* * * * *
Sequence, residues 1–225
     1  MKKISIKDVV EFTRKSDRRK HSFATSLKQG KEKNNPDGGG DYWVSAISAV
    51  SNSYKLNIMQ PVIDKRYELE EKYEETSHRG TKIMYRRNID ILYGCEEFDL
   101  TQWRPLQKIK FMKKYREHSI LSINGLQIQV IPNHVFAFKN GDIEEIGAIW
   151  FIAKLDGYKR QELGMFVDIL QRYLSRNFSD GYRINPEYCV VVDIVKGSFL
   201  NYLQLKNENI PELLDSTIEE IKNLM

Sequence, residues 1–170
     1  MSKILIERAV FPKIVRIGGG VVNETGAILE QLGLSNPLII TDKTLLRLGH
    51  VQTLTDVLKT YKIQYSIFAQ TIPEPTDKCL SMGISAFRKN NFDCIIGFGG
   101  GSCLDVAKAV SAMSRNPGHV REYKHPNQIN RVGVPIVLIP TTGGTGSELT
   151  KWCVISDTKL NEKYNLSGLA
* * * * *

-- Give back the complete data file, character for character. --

Sequence, residues 1–225
     1  MKKISIKDVV EFTRKSDRRK HSFATSLKQG KEKNNPDGGG DYWVSAISAV
    51  SNSYKLNIMQ PVIDKRYELE EKYEETSHRG TKIMYRRNID ILYGCEEFDL
   101  TQWRPLQKIK FMKKYREHSI LSINGLQIQV IPNHVFAFKN GDIEEIGAIW
   151  FIAKLDGYKR QELGMFVDIL QRYLSRNFSD GYRINPEYCV VVDIVKGSFL
   201  NYLQLKNENI PELLDSTIEE IKNLM

Sequence, residues 1–170
     1  MSKILIERAV FPKIVRIGGG VVNETGAILE QLGLSNPLII TDKTLLRLGH
    51  VQTLTDVLKT YKIQYSIFAQ TIPEPTDKCL SMGISAFRKN NFDCIIGFGG
   101  GSCLDVAKAV SAMSRNPGHV REYKHPNQIN RVGVPIVLIP TTGGTGSELT
   151  KWCVISDTKL NEKYNLSGLA